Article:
Las Vegas Sun

September 19, 2014

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From the publisher:

Low taxes, low expectations?

When business speaks, America listens. The evidence is all around us.

Although business leaders are sometimes criticized as not being progressive enough, many of the great philanthropic, social, economic and political events of the past century were driven by American business.

Few forces in our society can promote change the way our business community can. It stands to reason that few forces can protect the status quo as well, either.

Such deep thoughts spirit me back to a lobby discussion after the Brookings Institution presentation at UNLV a few weeks ago.

About a hundred of us had just listened to a presentation on the challenges facing our state. This one was delivered in a sophisticated, detailed and relatively objective manner — in what may well come to be known locally as the “Brookings style.”

If you already know the laundry list of issues plaguing the valley, you can skip to the next paragraph. If not: lack of economic diversity; deep education funding cuts; untapped potential for solar and wind energy; an infrastructure that meets neither present nor future needs; a general reduction in services that take a community from good to great. Enough already.

It all led up to the conversation in the lobby, which spawned a few questions I hadn’t heard before.

Such as: Is it really that great for Nevada to continue to promote itself as a low-tax state? Is that the best sales pitch to companies that are perhaps thinking of moving? Aren’t there enough other good reasons to move your business here?

No, I’m not pushing for any tax increases here, although given the state of things, they may prove inevitable. I’m just repeating a question that is starting to pop up in these parts — and not just after Brookings presentations, either.

I have met and come to know many of the people who relocated businesses here during the past decade of publishing this business newspaper. I have watched many of them assume positions in community organizations, trade associations and charities, all good for Southern Nevada.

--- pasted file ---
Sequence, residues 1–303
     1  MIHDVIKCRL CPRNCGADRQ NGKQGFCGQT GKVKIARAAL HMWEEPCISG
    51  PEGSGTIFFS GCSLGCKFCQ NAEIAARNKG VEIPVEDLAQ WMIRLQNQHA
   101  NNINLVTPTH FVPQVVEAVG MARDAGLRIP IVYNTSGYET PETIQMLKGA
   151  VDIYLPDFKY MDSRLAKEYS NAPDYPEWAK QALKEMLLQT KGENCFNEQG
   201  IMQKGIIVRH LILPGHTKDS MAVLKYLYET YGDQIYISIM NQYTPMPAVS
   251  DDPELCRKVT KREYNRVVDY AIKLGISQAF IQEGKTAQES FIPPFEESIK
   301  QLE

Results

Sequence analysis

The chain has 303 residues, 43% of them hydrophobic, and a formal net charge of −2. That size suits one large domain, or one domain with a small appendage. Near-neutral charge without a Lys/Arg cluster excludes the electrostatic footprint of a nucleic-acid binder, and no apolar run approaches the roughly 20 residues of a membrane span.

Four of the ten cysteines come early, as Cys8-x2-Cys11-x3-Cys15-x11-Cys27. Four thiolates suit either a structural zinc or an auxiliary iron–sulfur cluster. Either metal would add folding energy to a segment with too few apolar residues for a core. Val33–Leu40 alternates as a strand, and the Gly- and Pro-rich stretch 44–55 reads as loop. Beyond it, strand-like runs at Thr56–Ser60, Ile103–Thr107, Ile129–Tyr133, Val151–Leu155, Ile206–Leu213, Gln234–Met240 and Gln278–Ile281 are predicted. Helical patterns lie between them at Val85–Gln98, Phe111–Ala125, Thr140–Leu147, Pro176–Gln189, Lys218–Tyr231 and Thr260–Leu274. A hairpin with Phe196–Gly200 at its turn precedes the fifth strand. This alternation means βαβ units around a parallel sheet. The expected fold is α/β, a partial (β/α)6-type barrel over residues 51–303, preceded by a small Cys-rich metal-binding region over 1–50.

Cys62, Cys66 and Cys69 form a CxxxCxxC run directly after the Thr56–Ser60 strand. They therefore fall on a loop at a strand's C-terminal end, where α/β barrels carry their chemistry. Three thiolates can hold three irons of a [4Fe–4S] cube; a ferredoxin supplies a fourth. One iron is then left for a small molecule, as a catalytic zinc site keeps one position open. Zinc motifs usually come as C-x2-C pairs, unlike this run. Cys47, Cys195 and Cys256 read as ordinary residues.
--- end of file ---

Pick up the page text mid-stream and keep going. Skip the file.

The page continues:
Such active involvement provides a new arrival a chance to hear firsthand what our challenges are. That kind of experience helps people make decisions from an educated perspective and to put them in some sort of context.

It also provides a different experience from simply latching onto a convenient ideology, one popular example being libertarianism.

To summarize much quite briefly, libertarianism is a set of beliefs relating to individual liberty, free thought and conduct. Part of the philosophy includes a general opposition to institutions such as government, and concepts such as taxes and welfare or public assistance.

It is occasionally observed that the historic popularity of libertarianism in Nevada was a perfect match with our Old West heritage, and that the emphasis on personal freedoms made it possible for certain things to get legalized here in the first place.

In our state, it’s easy to support personal freedoms as part of who we are, and whom we may always be. But many who say they’re “libertarian” in their views may actually be simply hoping to avoid discussion as to how we pay for what government provides. You see, to a lot of those who fallen under its spell, a libertarian philosophy has simply come to mean no taxes, with little regard to the realities of our society or the long-term issues that face our state.

For these folks, energy gets put into complaints about a school system that seems to them bloated with overpaid and underworked administrators and teachers. This conflicts with reality.

Yes, we have some heavy administrative overhead, and we have some teachers who lack sufficient skills. But these are not the largest problems confronting education, and even if they were, deep budget cuts will not resolve them.

But whether they’re run by armchair libertarians or simply trying to boost profits, businesses that move here primarily because of low taxes are perhaps saying something about the services they expect from their new home state. They may be telling us, for instance, that things such as education are not so important to them.

But a few such things remain important to the rest of the business community, and when it speaks, people listen.

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